Directives of President of the Republic of Indonesia at the Dean’s Lecture at Standford University in San Francisco, US, November 15, 2023
Distinguished Dr. Arun Majumdar;
the big family of Stanford University;
Ladies and Gentlemen.
Hello, good afternoon everyone.
Earlier I asked, “What’s the jargon of Standford University?” They said, “Go cardinal, Sir.” Then, I asked, “What are Stanford identical colors?” They said, “Red, Sir.” That’s why I decided to wear a red tie today. Red. Do I look like a member of Stanford family now?
Then you must be curious, is that important? Yes, of course. Because I want to be connected to all of you who are smart, young, diligent generations. Applause for Stanford University.
It’s important to be connected with other human beings. Similarly, it’s also important to be connected with the nature as well. We all know that the world is not in a good condition. Thus, climate change and energy transition must get serious attention. However, the question is: do countries around the world have the commitment to be responsible and involved [in environment issues]? There is no need to doubt and our commitment should not be questioned. Indonesia walks the talk, not talks the talk.
Indonesia has successfully reduced emissions by 91.5 million tons as of today. Indonesia has also reduced deforestation rate, which has been lowered by 104,000 hectares by 2022. 77,000 hectares of forest areas have been rehabilitated and 34,000 hectares of mangrove forests have been restored in just one year. However, everytime I met with investors from Indonesia and other developing countries, I always mention about funding and technologicy transfer, these issues always pose a huge challenge. It is because we really need huge investment and technology transfer as well as collaboration. This is the challenges that we and other developing countries often face. Thus, Indonesia wants to ensure that the energy transition also produces energy that is affordable for all people, accessible to all people.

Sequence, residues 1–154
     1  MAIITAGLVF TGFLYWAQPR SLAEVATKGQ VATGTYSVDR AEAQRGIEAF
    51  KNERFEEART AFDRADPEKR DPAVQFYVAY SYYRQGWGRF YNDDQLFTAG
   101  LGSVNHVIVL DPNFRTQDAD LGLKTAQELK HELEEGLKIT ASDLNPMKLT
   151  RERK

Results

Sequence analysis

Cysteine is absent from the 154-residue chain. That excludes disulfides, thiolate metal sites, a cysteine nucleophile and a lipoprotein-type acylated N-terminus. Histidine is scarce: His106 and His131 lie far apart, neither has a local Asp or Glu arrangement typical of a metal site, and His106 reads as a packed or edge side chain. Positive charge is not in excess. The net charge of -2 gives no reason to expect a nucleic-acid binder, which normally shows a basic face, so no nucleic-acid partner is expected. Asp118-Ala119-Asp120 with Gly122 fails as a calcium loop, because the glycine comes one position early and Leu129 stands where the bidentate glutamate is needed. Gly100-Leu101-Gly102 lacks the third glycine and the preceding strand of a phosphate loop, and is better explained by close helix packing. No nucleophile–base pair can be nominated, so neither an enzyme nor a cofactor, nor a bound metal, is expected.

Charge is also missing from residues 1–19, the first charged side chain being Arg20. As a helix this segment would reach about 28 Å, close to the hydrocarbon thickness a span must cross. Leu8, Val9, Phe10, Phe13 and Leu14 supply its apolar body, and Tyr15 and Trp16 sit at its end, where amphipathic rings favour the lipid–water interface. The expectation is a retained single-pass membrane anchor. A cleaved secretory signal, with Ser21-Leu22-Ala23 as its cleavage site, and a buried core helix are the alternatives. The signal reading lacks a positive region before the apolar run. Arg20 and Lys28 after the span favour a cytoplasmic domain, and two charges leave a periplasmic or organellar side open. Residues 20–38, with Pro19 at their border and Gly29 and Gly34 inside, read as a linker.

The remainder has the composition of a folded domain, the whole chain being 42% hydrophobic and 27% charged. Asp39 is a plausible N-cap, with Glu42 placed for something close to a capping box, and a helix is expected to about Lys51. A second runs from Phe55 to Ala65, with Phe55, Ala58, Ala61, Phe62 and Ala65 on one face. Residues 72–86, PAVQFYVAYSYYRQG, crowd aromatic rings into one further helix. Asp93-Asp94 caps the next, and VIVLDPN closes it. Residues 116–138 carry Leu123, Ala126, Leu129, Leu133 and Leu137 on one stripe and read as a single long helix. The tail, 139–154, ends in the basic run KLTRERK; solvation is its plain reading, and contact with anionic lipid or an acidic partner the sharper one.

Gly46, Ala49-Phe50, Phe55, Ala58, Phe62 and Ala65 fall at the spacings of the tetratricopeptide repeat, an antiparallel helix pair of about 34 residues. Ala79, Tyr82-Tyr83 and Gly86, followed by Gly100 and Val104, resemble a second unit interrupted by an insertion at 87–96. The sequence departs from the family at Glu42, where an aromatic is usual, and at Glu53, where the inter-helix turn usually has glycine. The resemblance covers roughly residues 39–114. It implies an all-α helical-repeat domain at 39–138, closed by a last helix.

However, until now, climate funding remains business as usual, like commercial banks. It should be more constructive, not in the form of debts that will only increase the burden on undeveloped or developing countries. For example Indonesia; maybe I haven’t explained, for those who haven’t known anything about Indonesia, Indonesia has 17,000 islands and is home to nearly 300 million people. Indonesia also has 714 distinct ethnic groups with diverse traditions and cultures. It has over 1,300 local languages. Indonesia has untapped potential in green energy, which can be used for the sustainability of the earth. Its potential includes 3,600 gigawatts from solar energy, water from its 4,400 rivers, wind, geothermal energy, waves, and bioenergy.
Last week, before flying to the United States, I flew to West Java province in Indonesia. This is one of the most populous provinces in Indonesia with approximately 48 million inhabitants. I attended the inauguration of a floating solar power plant in Cirata reservoir. This is the largest floating solar power plant in Southeast Asia. It was just inaugurated with a capacity of 192 MWp. Moreover, we won’t stop there; we will also build similar facilities in other cities, including in the new capital of Nusantara.
Earlier, Dr. Arun Majumdar, the Dean, mentioned about Nusantara. Yes, Nusantara is our upcoming new capital—a forest-based smart city, with 70 percent of its area being green, covered with forests. We will utilize green energy from the sun and hydro. The first thing we are building for the development of the Nusantara is a nursery center and a botanical center with a capacity of 15 million tree seedlings per year. These seedlings will be planted annually in the Nusantara capital and on the island of Kalimantan. This represents Indonesia’s transformation showcase. Next year, Indonesia plans to celebrate its Independence Day in Nusantara to demonstrate that we already have a new capital, even though its completion might take another 15 or 20 years.
It would be a great idea, if Standford University students could visit the Nusantara to witness the development processes. All of you can also conduct a swift research and learn about the sustainability aspect in building a green city.
I graduated from the Faculty of Forestry. If it is necessary, I can be your guide to visit there. Please raise your hand, if you are interested in.
I heard that Stanford University will establish a partnership with the Nusantara Capital Authority in the field of sustainable research and innovation development. Given that the increasingly threatening impacts of climate change, this collaboration is crucial, extremely crucial, and concrete strategic steps are much needed. Without it, it would be impossible for us to ensure the sustainability of the only planet earth that we love.
We can no longer take an easier walk, we can no longer take a slow walk, we must run fast, we must fear the tree.
I thank you.